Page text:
As a data scientist, you'll possibly end up working on a remote machine. This necessitates using a remote ssh session, usually in a terminal shell. At other times, in a pinch, you might need to quickly edit a file on your local filesystem and need access to a shell. Thus, knowing how to use/wrangle at least one of the built-in ones that are widely available in most systems will allow you to make quick edits on the fly.

Most important shell text editor usage steps

The most important things to learn are to:

  1. Open a file
  2. Edit and navigate through it
  3. Save and close it

As long as you can master those three actions in any text editor, you're gold. Don't worry about other extensions and add-ons until you've mastered these steps and can execute them from memory.

Which shell text editors exist?

Three of them are the most famous:

  • nano
  • vi/vim
  • emacs

The venerable nano is usually available in most systems, and has a relatively low learning curve. You can also customize it to do syntax highlighting! (see: Enhance nano with syntax highlighting)

vi/vim is the butt of many jokes on "how to exit text editors", but really it's easy:

  1. Hit escape
  2. Quickly hit :wq (the colon enters command-line mode, the w stands for write, and the q means quit)
  3. Hit enter

In normal mode, there is also: Shift + zz for save and quit, or Shift + zq for quit without save. (h/t Arkadij Kummer for surfacing this one to me.)

If you need to save the file, you'll be prompted.

Further reading

Get bootstrapped on your data science projects

Why this knowledge base exists

I'm super glad you made it to my knowledge base on bootstrapping your data science machine - otherwise known as getting set up for success with great organization and sane structure. The content inside here has been battle-tested through real-world experience with colleagues and others skilled in their computing domains, but a bit new to the modern tooling offered to us in the data science world.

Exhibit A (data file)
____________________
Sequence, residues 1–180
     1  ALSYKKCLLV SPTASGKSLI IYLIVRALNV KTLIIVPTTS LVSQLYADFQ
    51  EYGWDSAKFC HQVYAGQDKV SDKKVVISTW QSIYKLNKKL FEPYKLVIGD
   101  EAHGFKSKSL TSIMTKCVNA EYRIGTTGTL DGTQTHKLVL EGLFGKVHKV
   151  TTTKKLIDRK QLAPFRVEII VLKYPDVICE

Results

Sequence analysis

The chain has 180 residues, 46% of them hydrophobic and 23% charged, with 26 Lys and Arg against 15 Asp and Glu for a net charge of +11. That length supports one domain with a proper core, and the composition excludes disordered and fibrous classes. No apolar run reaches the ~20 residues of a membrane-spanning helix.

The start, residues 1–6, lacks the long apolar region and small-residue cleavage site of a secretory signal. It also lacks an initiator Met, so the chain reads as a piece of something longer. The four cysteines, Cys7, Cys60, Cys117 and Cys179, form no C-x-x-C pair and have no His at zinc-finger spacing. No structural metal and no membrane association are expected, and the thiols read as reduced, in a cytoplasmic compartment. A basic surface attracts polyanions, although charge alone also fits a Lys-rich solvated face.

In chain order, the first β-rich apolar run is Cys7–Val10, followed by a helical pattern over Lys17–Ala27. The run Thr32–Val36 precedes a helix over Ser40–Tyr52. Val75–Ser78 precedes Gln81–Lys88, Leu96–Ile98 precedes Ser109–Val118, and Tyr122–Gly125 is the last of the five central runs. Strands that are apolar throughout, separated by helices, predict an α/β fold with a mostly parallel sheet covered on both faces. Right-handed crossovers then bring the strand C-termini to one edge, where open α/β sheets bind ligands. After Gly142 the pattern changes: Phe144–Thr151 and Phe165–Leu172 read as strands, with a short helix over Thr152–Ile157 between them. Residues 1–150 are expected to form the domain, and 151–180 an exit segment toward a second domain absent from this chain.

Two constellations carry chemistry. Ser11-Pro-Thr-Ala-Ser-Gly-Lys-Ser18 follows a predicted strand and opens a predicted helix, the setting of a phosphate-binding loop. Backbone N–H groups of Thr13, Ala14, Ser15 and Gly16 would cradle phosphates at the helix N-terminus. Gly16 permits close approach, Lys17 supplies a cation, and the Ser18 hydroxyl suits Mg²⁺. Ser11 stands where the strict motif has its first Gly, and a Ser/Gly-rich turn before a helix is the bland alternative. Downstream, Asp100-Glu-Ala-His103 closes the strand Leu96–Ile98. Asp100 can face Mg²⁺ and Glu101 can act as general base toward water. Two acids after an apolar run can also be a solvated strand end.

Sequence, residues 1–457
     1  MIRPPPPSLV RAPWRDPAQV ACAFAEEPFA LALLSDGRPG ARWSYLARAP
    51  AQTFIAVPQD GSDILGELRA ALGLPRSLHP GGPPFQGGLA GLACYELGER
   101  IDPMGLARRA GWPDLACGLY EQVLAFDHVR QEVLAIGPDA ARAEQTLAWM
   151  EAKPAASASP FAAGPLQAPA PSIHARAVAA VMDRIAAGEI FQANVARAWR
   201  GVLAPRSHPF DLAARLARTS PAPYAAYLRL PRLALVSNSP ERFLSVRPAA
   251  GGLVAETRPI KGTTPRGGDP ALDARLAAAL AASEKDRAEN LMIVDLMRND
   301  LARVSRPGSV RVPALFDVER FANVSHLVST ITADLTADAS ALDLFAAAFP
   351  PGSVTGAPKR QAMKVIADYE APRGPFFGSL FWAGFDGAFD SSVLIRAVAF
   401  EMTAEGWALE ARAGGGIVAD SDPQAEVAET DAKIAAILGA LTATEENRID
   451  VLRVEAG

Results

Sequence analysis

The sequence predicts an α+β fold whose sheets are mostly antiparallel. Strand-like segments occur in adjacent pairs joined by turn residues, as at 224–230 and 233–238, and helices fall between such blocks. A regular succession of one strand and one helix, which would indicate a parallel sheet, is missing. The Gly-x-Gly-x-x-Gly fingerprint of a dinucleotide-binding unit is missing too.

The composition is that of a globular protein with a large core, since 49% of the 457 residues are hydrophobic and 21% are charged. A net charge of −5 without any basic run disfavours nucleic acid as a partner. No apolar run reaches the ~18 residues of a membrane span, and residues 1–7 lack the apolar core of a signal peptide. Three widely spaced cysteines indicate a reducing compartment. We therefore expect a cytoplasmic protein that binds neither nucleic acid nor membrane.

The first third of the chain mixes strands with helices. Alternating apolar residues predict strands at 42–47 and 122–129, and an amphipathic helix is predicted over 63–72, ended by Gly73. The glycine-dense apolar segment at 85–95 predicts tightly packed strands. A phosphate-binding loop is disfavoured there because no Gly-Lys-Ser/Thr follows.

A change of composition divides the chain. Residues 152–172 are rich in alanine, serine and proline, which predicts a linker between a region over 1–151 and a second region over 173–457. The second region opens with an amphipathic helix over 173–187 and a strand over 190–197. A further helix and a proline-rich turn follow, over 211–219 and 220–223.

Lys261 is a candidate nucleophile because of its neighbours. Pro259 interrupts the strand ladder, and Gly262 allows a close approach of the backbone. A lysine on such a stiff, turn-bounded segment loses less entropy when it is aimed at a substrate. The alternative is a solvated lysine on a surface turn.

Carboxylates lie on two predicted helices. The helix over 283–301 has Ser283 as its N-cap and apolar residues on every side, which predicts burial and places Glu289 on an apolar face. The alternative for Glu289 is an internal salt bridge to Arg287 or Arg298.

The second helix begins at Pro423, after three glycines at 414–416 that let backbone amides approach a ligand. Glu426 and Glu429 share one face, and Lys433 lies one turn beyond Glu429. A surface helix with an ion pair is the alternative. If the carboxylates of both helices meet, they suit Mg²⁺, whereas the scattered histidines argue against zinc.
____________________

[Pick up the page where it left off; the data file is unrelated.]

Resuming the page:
This knowledge base exists because I want to encourage more data scientists to adopt sane practices and conventions that promote collaboration and reproducibility in our data work. These are practices that, through years of practice in developing data projects and open source software, I have come to see the importance of.

Where I think you, the reader, are coming from

The most important thing I'm assuming about you, the reader, is that you have experienced the same challenges I encountered when structure and workflow were absent from my work. I wrote down this knowledge base for your benefit. Based on my seven years (as of 2020) of continual refinement, you'll learn how to:

  1. structure your computer for data analysis projects, and
  2. structure a data analysis project for maximum effectiveness.

Because I'm a Pythonista who uses Jupyter and VSCode, some tips are specific to the language and these tools. However, being a Python programmer isn't a hard requirement. More than the specifics, I hope this knowledge base imparts to you a particular philosophy of how to work. That philosophy should be portable across languages and tooling, though having specific tooling can sometimes help you adhere to the philosophy. To read more about the philosophies behind this knowledge base, check out the page: The philosophies that ground the bootstrap.

For the beginner

As you grow in your knowledge and skillsets, this knowledge base should help you keep an eye out for critical topics you might want to learn.

For the moderately experienced

If you're looking to refine your skillsets, this knowledge graph should give you the base from which you dive deeper into specific tools.

For the seasoned data scientist

If you're a seasoned data practitioner, this guide should be able to serve you the way it helps me: as a cookbook/recipe guide to remind you of things when you forget them.

Things you'll learn

The things you'll learn here cover the first steps, starting at configuring your laptop or workstation for data science development up to some practices that help you organize your projects, regardless of where you do your computing.